My agency says that if I want work, I must work through an 'umbrella company'. What does this mean?

Increasingly, employment agencies and businesses use umbrella company arrangements to pay the workers they supply, instead of paying them direct. Workers rarely get any say in these arrangements which are presented on a take-it-or-leave-it basis. 

Umbrella companies are found right across the UK economy, although they are a particular problem in construction and supply teaching. 

Effectively, the umbrella company ‘slots in’ between the worker and the employment agency or business, becoming the worker’s ‘employer’. 

As the ‘employer’, the umbrella company then deducts from the worker’s pay packet PAYE tax, employer and employee national insurance contributions (NICs), holiday pay and employer and employee auto-enrolment pension contributions, as well as a ‘service fee’, which can be as much as £30 a week.
It is not against the law for an employment business or agency to use an umbrella company to pay their workers, but unions have real concerns about serious abuses in this sector.

A key problem is the lack of transparency, including pay slips that are very complex and hard to understand, especially if English is not your first language. Sometimes it is hard even to work out who is responsible for paying your wages, let alone how much you are being paid and for what.

Because the umbrella company is your ‘employer’, the amount paid by the employment business or agency to the umbrella company must be large enough to allow for the deduction of all the costs associated with being an employer, including national insurance and employer pensions auto-enrolment contributions (which are increasing). Otherwise you will lose out. Only the balance after all the deductions will be your net pay. 

Workers are often encouraged to believe that their take home pay will increase under this kind of arrangement. This is not true, especially following a clampdown from HMRC, changing the rules on claiming tax relief on travel and subsistence expenses. HMRC has produced guidance warning about this.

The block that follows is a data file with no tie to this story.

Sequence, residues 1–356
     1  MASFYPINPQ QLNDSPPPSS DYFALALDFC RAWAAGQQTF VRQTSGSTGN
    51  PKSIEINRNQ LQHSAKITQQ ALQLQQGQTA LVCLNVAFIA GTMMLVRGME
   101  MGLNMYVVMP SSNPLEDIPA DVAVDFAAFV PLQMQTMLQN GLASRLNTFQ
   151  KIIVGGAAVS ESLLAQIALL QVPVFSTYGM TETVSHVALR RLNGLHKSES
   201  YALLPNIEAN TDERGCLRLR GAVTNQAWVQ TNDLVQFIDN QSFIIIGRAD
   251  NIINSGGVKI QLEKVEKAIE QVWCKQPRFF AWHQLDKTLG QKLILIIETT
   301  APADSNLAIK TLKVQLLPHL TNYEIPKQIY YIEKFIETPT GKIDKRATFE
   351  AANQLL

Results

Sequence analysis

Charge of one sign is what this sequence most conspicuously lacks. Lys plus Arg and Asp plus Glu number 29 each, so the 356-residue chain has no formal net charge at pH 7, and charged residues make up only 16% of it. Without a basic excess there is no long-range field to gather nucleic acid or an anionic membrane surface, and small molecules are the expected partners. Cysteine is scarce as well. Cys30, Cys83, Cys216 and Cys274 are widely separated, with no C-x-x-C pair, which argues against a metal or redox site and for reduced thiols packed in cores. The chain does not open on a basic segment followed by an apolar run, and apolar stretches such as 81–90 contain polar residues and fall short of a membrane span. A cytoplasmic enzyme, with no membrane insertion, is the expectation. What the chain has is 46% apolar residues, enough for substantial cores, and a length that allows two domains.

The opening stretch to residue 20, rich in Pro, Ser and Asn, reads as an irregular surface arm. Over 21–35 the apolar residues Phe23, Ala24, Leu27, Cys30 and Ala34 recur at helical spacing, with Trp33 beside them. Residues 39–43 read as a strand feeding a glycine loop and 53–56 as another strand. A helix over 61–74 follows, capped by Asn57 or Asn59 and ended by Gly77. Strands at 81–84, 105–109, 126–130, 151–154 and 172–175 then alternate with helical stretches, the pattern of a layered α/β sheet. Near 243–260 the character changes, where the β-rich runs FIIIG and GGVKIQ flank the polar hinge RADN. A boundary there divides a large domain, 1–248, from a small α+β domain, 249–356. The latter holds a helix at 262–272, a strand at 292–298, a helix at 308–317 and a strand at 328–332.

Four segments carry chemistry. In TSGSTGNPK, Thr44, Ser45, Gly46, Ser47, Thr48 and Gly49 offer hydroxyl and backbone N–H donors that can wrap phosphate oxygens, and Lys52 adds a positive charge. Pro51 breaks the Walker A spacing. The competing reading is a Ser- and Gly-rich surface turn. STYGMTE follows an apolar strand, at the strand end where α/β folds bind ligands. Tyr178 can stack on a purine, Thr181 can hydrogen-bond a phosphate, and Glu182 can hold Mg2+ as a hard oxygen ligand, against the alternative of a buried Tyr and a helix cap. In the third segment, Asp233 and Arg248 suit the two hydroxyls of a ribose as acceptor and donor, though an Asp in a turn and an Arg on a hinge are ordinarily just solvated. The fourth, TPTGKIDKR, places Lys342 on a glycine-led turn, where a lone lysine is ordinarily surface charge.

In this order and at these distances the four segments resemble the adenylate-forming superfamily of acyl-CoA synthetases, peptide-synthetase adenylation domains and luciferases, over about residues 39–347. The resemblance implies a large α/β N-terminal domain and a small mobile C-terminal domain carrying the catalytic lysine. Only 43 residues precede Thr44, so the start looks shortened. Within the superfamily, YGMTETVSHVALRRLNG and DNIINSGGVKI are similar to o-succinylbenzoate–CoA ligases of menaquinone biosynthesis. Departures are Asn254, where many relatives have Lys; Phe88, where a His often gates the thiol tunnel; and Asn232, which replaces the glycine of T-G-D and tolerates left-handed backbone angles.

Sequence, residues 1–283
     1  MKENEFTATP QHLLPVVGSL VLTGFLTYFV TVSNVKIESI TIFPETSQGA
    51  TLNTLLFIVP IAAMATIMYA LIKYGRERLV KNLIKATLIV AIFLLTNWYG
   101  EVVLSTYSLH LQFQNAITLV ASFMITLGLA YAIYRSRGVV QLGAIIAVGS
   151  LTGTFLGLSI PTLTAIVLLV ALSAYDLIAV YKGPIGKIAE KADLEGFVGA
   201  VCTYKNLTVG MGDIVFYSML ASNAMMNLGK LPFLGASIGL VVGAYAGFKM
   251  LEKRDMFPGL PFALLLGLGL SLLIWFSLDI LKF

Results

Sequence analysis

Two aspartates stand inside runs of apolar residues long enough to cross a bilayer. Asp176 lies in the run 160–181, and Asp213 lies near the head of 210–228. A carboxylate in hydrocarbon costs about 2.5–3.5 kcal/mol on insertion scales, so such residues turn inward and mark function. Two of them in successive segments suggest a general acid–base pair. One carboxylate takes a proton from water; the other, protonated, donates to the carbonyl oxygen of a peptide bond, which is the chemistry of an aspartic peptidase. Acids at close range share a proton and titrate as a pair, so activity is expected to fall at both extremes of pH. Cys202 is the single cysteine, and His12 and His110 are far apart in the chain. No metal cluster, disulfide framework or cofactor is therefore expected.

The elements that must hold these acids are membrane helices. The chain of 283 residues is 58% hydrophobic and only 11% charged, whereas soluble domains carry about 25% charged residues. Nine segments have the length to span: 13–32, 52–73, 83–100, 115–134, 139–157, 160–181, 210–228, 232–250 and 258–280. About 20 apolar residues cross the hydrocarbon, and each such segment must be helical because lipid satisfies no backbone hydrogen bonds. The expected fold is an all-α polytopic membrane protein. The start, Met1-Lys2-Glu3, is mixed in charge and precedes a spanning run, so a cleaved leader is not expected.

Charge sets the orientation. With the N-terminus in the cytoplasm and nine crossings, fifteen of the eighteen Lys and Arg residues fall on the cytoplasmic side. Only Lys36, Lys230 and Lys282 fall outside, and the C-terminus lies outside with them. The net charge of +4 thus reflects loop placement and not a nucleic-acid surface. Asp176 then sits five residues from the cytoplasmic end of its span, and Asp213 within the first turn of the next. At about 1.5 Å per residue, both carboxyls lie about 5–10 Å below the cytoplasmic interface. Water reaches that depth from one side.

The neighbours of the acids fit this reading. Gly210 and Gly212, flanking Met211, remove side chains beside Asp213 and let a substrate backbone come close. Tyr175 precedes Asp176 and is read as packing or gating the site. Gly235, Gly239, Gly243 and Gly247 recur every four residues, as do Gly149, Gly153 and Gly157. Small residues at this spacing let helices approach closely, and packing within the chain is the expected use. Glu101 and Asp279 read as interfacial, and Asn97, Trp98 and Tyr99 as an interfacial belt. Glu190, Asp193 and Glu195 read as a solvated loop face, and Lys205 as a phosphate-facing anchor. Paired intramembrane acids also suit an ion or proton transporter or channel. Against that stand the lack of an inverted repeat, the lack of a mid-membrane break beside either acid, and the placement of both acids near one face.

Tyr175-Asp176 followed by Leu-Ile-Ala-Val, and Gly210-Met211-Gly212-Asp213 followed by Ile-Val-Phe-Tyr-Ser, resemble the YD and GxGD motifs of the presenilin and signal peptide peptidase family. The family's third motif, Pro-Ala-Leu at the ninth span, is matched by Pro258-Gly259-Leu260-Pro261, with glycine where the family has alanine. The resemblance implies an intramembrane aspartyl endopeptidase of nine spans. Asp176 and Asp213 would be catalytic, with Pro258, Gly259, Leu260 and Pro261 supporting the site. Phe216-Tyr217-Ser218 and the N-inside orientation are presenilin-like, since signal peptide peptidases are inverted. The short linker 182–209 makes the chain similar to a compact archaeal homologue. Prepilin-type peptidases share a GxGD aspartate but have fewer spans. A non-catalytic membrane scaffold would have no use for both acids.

Another problem with all these arrangements is that the organisation providing the work escapes responsibility for key statutory rights such as the National Minimum Wage, holiday pay, redundancy pay and protection from discrimination.  

If you are concerned about these sorts of working arrangements, your best defence is to join a trade union. For example in the construction sector, construction union UCATT, now part of general union Unite, has been campaigning about abuses connected to the use of umbrella companies for many years. 

Some voluntary organisations can provide useful support and guidance if you have a question about umbrella companies.

TaxAid is a charity that helps people on low incomes with their tax affairs. It runs a helpline: 0345 120 3779.

The Low Income Tax Reform Group has produced a useful Fact Sheet on working through an umbrella company.  
It is worth remembering that even though you work through an umbrella company, you are still entitled to the same equality rights, in relation to pay, holidays and hours, as any other temporary agency worker. Employers cannot escape their obligations under the Agency Worker Regulations by using an umbrella company set up.